As much as it pains me to say this, presuppositionalists do have a point here—kind of
First your point about absurdity. This is based on the assumption that worldviews containing fallacies must be invalid. In argumentation terms, "invalid" does not mean "not true." Remember that just because something is fallacious, does not mean it is not true. For example, "Apples are good for us because they are all natural." The premise that "apples are good for us" is true, although the fallacious reasoning that follows does not make it true. Likewise, the fact that one might justify their worldview with circularity does not require the worldview to be false—just their justification of it
A trick of the presuppositionalists is to hold others to impossible standards while using special pleading to excuse themselves from such justification. One cannot use reason to justify reason (that would be a form of circularity), but that is what the presuppositionalists demands. Words such as "justification," "account for," and "explain" all are part of the reasoning process. So when the presuppositionalist asserts
that "God" is foundation for everything (including reason), they are using "reason" to make this assertion, thus circular.
To escape this circularity, we don't justify—we accept
. We accept certain self-evident truths provisionally
until we have good reasons not to. We accept the fact that we exist, yet by playing word games we can make it impossible for someone to prove their own existence by using impossible standards. These word games cause people to cast doubt on what we rationally accept as self-evident. In a way, we "presuppose" reason, and the presuppositionalist presupposes "God." The difference is, the concept of "God" contains dozens, hundreds, or even thousands of presuppositions such as: God is a being, God is intelligent, God is good, God is eternal, God exists outside of space and time, God has a son name Jesus who died for our sins, God does not want us to eat shellfish, etc. Some even "presuppose" that God wrote/inspired every word in the Bible so that everything in the Bible is "presupposed" to be true, as well. This is sort of like presupposing that "everything is true." This one presupposition contains every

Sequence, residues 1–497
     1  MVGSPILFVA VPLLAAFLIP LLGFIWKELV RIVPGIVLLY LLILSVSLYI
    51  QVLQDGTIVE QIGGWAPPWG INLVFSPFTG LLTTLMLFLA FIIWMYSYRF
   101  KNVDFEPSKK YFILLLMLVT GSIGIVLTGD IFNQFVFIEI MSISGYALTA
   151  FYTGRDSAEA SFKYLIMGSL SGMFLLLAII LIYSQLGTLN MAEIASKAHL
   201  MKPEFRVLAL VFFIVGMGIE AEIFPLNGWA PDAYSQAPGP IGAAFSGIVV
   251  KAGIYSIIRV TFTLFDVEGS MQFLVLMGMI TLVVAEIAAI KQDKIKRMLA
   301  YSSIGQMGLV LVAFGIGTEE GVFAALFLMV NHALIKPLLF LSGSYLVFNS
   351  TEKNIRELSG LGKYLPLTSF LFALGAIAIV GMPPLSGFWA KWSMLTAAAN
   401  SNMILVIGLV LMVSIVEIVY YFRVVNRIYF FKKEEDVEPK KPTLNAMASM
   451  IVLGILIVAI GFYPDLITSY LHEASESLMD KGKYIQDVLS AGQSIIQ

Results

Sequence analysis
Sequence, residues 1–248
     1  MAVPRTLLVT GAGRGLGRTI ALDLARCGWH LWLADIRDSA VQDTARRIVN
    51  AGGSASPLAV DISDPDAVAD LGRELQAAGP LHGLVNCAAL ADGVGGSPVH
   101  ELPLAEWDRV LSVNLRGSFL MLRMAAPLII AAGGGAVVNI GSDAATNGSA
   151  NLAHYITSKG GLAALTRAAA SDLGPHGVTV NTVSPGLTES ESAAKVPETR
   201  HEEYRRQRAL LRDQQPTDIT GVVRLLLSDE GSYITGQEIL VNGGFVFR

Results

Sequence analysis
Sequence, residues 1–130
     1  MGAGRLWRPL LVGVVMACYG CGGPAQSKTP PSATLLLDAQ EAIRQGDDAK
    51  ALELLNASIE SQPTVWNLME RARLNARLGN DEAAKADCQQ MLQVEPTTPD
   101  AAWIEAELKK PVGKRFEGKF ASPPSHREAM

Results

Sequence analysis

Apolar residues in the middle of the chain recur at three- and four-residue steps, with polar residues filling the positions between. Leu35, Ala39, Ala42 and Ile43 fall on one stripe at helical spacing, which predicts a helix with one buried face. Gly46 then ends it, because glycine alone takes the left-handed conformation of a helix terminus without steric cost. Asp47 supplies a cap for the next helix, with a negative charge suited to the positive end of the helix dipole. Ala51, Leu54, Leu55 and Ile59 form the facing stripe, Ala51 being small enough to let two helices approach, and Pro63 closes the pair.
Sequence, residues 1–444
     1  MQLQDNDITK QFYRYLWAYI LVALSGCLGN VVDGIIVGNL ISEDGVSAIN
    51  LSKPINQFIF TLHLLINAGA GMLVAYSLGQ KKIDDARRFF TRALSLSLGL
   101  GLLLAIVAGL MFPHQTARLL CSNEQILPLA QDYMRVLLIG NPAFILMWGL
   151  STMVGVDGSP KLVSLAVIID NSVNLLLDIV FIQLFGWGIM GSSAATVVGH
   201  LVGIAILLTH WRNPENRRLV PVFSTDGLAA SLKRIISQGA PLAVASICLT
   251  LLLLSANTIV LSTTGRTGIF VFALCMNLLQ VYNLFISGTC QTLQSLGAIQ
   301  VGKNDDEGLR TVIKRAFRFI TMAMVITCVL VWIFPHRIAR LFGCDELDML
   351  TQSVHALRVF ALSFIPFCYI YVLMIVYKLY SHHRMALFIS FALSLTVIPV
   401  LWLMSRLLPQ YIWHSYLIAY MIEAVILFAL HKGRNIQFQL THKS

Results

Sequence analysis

presupposition (including "everything is false"), and this leads to absurdity.
The critical thinker accepts as little as possible as "self-evident." The presuppositionalist fails to delineate between that which he must accept, and that which he wants to believe.
My advice, don't bother arguing circularity with the presuppositionalist. In fact, don't bother arguing with the presuppositionalist at all, since they already presuppose that they are right, and they can't possibly be wrong. Update: Monday, Mar 18, 2019 08:17 AM
I think you've presented a hasty generalization yourself. Your premise supposes that all presuppositionalists presuppose all of those. Rather, if we presuppose an intelligent designer, many find the most consistency in some of the topics you label as presuppositions.
My premise is that presuppositionalists who presuppose a god include many (dozens to thousands depending on belief) of attributes. Again, the critical thinker accepts as little as possible as "self-evident." Presupposing "an intelligent designer" is presupposing a host of attributes that are unnecessary and completely unwarranted. We don't presuppose it because it fills the gaps where we have tough questions (see God of the Gaps fallacy). If that were the case, we can all just presuppose "magic" and every question can be answered by inserting "magic" (i.e. apparent consistency). Further, as atheists have demonstrated for millennia, for every question a god "answers," it results in several more that the theist often address by "you just need to have faith," "God's ways are not our ways," "God is a mystery," "Our minds can not possibly understand the greatness of God," "All of our questions will be answered when we meet God." No, one cannot reasonably presuppose an intelligent designer any more than one can simply presuppose magic. If one does, they are not practicing critical thinking.
Bo Bennett, PhD
Social Scientist, Business Consultant
Consulting > https://scroops.com/Lm5XFu
About My Businesses > http://www.archieboy.com
About Me > http://www.bobennett.com
Books I’ve Written > https://tinyurl.com/bosbooks
Courses I Teach > https://tinyurl.com/boscourses
Podcasts I Host > https://tinyurl.com/bospodcasts